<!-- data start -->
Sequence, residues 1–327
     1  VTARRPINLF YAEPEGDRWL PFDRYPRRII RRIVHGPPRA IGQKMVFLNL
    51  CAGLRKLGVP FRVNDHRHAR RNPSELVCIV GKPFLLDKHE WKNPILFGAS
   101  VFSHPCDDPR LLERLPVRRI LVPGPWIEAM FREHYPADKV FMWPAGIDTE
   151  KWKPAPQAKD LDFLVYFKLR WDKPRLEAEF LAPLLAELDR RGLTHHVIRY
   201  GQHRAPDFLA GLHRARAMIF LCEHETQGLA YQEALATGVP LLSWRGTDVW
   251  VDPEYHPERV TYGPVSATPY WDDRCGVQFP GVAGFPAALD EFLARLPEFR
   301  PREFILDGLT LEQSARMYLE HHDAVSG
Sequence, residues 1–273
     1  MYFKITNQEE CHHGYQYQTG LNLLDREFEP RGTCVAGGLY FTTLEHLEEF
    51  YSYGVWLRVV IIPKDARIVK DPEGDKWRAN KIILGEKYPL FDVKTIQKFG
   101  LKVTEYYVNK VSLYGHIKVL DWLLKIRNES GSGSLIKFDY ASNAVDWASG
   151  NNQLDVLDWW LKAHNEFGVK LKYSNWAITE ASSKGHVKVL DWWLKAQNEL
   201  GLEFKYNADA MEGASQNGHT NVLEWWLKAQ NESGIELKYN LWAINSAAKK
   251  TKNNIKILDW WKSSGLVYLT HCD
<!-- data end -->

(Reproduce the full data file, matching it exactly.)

Sequence, residues 1–327
     1  VTARRPINLF YAEPEGDRWL PFDRYPRRII RRIVHGPPRA IGQKMVFLNL
    51  CAGLRKLGVP FRVNDHRHAR RNPSELVCIV GKPFLLDKHE WKNPILFGAS
   101  VFSHPCDDPR LLERLPVRRI LVPGPWIEAM FREHYPADKV FMWPAGIDTE
   151  KWKPAPQAKD LDFLVYFKLR WDKPRLEAEF LAPLLAELDR RGLTHHVIRY
   201  GQHRAPDFLA GLHRARAMIF LCEHETQGLA YQEALATGVP LLSWRGTDVW
   251  VDPEYHPERV TYGPVSATPY WDDRCGVQFP GVAGFPAALD EFLARLPEFR
   301  PREFILDGLT LEQSARMYLE HHDAVSG
Sequence, residues 1–273
     1  MYFKITNQEE CHHGYQYQTG LNLLDREFEP RGTCVAGGLY FTTLEHLEEF
    51  YSYGVWLRVV IIPKDARIVK DPEGDKWRAN KIILGEKYPL FDVKTIQKFG
   101  LKVTEYYVNK VSLYGHIKVL DWLLKIRNES GSGSLIKFDY ASNAVDWASG
   151  NNQLDVLDWW LKAHNEFGVK LKYSNWAITE ASSKGHVKVL DWWLKAQNEL
   201  GLEFKYNADA MEGASQNGHT NVLEWWLKAQ NESGIELKYN LWAINSAAKK
   251  TKNNIKILDW WKSSGLVYLT HCD